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CurrencyFair Logo.png
Type of site
Currency exchange
Headquarters Dublin, Ireland
CEO Paul Byrne
Key people Brett Meyers (Co-founder)
Sean Barrett (Co-founder)
Jonathan Potter (Co-founder)
David Christian (Co-founder)
Services Financial services
Employees 108 (2016)
Commercial Yes
Registration Yes
Launched April 2009; 8 years ago (2009-04)
Current status Active

CurrencyFair is an online peer-to-peer currency exchange market place. CurrencyFair is headquartered in Ireland also with employees in UK, Australia and Poland.


CurrencyFair was established in April 2009 by co-founders Brett Meyers,[1][2] Jonathan Potter, Sean Barrett and David Christian. The website went live in May 2010.[3] As of June 2017, the company has processed over €4.8 billion,.[4]


CurrencyFair describe themselves as "an online dating bureau for people who want to swap money but avoid hefty fees".[5] Currently, 18 currencies are available to exchange (send or receive) - Euro, Pound Sterling, US Dollar, Australian Dollar, Canadian Dollar, Swiss Franc, Czech Koruna, Danish Krone, Hong Kong Dollar, Hungarian Forint, Norwegian Krone, New Zealand dollar, Polish Zloty, Swedish Krona, Singapore Dollar, South African Rand and UAE Dirham. Users can send Japanese Yen, Israeli Shekel and Thai Baht.[6] The company charges 0.25% or 0.3% (depending on the currency pair being exchanged) for peer-to-peer matches and 0.4% to 0.6% of the amount exchanged for matches against CurrencyFair (again, depending on the currency pair).[7] A transfer of currency of a CurrencyFair account costs £3, €3, $4 or equivalent.[8] These fees are much lower than that charged by conventional market players including banks and online foreign exchange brokers.[9][10][11][12] The CurrencyFair Mobile App was launched in September 2015 and is available in the App Store and Google Play.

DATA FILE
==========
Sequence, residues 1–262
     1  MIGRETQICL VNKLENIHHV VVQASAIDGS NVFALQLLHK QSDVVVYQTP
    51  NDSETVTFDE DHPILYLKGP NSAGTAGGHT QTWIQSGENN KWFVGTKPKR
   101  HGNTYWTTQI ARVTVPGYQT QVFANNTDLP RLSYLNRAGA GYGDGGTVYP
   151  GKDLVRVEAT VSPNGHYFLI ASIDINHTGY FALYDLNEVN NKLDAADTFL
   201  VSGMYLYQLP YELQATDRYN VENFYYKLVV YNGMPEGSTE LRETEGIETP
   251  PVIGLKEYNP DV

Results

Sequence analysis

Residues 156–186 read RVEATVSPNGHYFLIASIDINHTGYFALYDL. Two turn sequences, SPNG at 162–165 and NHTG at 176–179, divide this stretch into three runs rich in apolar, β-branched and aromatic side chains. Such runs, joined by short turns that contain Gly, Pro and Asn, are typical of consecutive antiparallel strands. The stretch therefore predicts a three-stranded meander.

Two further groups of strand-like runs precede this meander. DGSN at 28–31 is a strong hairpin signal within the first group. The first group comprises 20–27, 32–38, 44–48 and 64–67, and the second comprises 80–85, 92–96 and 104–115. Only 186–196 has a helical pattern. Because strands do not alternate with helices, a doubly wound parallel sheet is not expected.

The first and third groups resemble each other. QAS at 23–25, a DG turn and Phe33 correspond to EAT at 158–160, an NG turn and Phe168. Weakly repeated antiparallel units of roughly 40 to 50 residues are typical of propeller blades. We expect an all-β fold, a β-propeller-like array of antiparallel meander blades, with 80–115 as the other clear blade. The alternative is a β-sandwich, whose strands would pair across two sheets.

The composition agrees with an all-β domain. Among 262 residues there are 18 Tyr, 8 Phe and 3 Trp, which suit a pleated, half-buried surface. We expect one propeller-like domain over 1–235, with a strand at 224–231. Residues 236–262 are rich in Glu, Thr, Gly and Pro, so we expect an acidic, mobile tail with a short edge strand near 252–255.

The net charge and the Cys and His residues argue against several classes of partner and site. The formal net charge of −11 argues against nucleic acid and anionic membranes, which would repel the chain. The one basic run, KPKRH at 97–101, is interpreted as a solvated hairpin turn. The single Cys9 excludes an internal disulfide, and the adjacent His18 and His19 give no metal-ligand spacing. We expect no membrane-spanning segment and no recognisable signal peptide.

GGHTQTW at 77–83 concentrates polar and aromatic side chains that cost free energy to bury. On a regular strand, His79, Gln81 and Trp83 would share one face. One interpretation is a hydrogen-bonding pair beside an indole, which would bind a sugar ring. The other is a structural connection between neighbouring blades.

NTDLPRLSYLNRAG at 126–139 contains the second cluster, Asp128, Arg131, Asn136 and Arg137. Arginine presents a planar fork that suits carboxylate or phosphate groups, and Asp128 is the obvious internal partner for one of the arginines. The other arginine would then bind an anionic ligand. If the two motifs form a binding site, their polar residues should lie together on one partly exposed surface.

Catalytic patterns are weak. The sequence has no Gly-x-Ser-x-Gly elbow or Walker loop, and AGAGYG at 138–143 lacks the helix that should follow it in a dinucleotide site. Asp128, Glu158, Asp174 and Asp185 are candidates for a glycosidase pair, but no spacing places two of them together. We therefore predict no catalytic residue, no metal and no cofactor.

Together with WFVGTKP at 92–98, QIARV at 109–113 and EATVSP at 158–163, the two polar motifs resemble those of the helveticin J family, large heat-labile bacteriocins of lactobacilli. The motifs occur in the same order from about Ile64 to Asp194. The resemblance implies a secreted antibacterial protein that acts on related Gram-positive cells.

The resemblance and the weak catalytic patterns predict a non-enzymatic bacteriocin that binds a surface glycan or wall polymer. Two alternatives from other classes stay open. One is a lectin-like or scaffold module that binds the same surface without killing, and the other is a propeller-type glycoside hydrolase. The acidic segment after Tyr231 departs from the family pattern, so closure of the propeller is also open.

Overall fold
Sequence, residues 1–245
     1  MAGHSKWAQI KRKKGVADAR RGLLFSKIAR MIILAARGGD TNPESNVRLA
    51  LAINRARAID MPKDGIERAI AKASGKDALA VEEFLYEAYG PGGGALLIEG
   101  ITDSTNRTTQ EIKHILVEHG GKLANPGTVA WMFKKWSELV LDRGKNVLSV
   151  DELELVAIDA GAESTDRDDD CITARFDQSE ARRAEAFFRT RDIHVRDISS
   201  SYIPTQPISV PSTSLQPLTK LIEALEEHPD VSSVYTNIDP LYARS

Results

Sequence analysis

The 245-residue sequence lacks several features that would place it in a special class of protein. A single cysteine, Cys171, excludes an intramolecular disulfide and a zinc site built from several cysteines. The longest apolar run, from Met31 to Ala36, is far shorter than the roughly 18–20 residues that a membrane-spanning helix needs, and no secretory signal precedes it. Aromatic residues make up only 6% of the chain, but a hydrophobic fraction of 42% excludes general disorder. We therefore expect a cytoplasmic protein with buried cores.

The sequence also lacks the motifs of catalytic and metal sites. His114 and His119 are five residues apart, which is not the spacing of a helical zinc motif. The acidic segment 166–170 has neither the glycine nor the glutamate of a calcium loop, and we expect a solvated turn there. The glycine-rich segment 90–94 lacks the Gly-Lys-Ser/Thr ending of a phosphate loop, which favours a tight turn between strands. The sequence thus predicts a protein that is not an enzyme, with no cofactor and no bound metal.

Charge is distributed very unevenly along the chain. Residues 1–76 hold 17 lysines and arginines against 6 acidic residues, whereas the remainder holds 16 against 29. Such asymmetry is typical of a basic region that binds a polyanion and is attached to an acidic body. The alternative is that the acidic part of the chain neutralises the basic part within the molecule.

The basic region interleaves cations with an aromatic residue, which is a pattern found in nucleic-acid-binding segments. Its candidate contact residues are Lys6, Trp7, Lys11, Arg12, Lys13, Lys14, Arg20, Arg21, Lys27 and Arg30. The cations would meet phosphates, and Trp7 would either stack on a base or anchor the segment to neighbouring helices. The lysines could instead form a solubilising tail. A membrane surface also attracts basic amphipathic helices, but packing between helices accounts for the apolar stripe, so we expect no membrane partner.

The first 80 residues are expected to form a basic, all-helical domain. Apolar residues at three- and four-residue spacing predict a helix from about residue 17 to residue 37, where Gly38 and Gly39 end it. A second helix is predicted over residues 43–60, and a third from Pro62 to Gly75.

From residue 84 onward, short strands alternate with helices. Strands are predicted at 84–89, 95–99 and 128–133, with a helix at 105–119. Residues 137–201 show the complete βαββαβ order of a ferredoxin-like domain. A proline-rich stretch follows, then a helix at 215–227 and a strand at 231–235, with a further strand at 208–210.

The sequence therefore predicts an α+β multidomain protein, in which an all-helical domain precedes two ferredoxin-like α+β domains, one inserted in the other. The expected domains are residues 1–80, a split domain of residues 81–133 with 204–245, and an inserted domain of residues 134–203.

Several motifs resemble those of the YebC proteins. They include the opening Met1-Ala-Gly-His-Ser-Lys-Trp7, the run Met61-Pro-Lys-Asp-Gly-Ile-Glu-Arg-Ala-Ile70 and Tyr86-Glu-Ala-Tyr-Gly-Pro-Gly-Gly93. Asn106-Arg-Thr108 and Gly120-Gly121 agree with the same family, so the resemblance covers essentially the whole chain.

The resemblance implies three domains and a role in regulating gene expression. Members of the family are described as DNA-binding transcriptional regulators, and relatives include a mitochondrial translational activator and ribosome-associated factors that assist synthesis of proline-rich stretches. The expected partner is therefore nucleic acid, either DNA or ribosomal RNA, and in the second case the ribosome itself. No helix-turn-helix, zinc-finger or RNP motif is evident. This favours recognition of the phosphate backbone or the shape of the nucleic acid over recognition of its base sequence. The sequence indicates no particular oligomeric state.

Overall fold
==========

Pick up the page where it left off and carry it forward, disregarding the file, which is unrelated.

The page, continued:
How CurrencyFair Works[edit]

CurrencyFair works by matching senders of a given currency with users sending in the opposite direction. The exchange itself takes place on the CurrencyFair platform, and as domestic transfers are used in place of overseas money transfers, the overall costs of the transaction are reduced.

For example, a CurrencyFair customer in the UK needs to convert GBP into AUD and send to their account in Australia. To do so, they deposit into a local UK CurrencyFair account (same day, zero cost), exchange to AUD on the platform, and then transfer out to their bank account in Australia.


In November 2012, CurrencyFair was one of four companies to be named Best of Show at the inaugural FinovateAsia conference in Singapore.[13] In 2013, CurrencyFair won the IIA Dot IE Net Visionary Awards for Most Insightful and Intriguing Internet Innovation.[14]

Media attention[edit]

In December 2013, Irish Taoiseach Enda Kenny officially launched CurrencyFair's new website[15] and announced the creation of 30 new jobs in 2014.

Sébastien Chabal featured in CurrencyFair's first TV campaign in January 2014, as the "CurrencyFairy".[16]